MARQUETTE, MI, Jan. 8, 2021 – U.P. Home Inspection, LLC, a full-service home inspection company in Marquette, MI, urges property owners to be aware of the risk of ice dams as we approach the coldest months of the year.
Many homes in the Upper Peninsula are considered antique (built before 1920), which can be a big problem when it comes to ice damming.
Rich Beasley, the owner of U.P. Home Inspection, LLC, says of older homes and potential ice damming: “Roughly 40% of homes we inspect in the Upper Peninsula have some form of ice damming on them. This is because people didn’t keep their homes as warm as we do these days, so preventing ice damming wasn’t a concern.”
U.P. Home Inspection, LLC reminds the public of these important facts about ice damming in the Upper Peninsula:
What are Ice Dams?
An ice dam is a build-up of ice on the eaves of sloped roofs caused by heat loss, snowpack melt, and re-freezing. As heat seeps out of a property due to aging insulation or a failing roof, the snowpack starts to melt and drips down the eaves. When this melted water interacts with the cold edges of the structure, it re-freezes. That’s when the problems begin.
5 Reasons Why are Ice Dams are a Problem:
- Decking Degradation—Ice dams can permanently damage roof decking in as little as one season. If you have an older home, there may not be adequate sealant underneath the shingles. This can lead to the destruction of exterior and interior wall framing, rafters, and sheathing.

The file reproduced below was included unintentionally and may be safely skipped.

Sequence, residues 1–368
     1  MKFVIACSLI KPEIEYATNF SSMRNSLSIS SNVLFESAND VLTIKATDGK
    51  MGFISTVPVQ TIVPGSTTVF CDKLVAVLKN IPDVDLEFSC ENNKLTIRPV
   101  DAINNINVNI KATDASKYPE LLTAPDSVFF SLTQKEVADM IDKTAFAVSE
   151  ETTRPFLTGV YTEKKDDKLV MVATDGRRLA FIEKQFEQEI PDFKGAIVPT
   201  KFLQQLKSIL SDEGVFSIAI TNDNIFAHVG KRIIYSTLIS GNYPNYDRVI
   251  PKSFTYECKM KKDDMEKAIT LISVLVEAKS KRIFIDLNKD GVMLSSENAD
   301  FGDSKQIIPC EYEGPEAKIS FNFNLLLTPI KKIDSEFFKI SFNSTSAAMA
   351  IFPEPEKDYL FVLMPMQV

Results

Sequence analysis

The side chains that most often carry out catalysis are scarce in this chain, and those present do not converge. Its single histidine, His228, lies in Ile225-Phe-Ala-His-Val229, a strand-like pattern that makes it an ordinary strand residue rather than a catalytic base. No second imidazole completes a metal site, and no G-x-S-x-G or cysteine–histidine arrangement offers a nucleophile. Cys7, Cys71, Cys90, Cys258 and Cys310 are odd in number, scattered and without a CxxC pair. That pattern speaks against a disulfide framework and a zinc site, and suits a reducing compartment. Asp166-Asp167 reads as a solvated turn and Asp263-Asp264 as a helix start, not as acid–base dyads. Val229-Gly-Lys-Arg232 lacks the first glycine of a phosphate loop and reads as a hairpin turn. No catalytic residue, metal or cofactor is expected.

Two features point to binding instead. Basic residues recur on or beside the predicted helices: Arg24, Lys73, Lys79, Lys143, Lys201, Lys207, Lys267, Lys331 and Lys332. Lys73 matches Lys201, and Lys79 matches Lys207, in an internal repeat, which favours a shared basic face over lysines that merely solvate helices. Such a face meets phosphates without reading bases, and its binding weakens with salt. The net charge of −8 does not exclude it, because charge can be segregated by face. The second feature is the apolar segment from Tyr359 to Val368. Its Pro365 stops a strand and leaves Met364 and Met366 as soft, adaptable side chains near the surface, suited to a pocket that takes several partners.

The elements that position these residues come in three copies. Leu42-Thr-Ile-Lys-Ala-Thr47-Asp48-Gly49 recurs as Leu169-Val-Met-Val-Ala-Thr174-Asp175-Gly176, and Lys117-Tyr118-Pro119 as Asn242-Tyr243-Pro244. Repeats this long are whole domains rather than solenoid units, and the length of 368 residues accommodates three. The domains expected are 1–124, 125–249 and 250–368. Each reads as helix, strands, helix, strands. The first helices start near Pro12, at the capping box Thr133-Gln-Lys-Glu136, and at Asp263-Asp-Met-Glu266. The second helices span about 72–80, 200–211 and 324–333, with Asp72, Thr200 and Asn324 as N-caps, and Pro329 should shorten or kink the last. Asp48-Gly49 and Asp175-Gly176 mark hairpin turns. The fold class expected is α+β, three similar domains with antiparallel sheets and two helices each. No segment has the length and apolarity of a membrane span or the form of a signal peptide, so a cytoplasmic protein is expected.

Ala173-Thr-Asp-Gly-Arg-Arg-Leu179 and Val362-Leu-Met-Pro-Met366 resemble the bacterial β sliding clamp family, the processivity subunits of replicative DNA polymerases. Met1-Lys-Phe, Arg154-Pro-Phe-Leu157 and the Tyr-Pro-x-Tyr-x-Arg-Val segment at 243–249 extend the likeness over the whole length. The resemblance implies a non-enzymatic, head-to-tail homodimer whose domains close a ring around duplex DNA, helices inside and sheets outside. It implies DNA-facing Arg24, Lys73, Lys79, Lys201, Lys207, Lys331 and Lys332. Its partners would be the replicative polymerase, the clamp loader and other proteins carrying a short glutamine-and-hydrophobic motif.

- Leaking— U.P. home inspector Rich Beasley says this is a common concern in certain properties in the Upper Peninsula. “In Marquette especially, we see a lot of two to three-story homes where ice melt isn’t diverted properly, and ice damming sets in on a first or second-floor roof or addition. You get one warm day, and bam. You start to see water damage”.
- Falling Ice— Gigantic icicles are pretty to look at but can pose a significant safety hazard to adjacent properties, vehicles, people, children, and pets if they snap off and fall.
- Mold— When water leaks into walls, insulation, and property structure, it can cause mold growth and respiratory illness.
- Peeling Paint— When water infiltrates a wall’s cavities, it can wreak havoc on paint jobs by causing blistering and peeling.
How to Fix and Prevent Ice Damming:
Ice dam prevention comes down to controlling heat loss, proper ventilation in attic spaces, diverting melting water with proper guttering, and creating a thermal barrier between the warm interior of the home and the cold roof.
There’s also the more costly option of installing thermal cabling that will melt ice build-up or installing an aluminum roof to discourage ice from taking hold in the first place.
Lastly, it’s essential to keep roofs, especially those on older homes, clear of snow build-up to avoid the melting-freezing process in the first place.
Residents of the Upper Peninsula with older homes are encouraged to schedule an appointment with a local home inspector to ensure ice damming this winter doesn’t cause injury or become a long-term problem for their property’s structural integrity and value.
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